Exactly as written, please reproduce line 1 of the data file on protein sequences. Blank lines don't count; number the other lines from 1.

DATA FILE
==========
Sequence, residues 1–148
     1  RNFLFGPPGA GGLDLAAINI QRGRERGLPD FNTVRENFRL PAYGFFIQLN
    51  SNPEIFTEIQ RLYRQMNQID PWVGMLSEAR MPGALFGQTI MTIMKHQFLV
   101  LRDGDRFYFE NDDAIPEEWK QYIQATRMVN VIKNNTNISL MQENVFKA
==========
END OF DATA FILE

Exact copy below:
Sequence, residues 1–148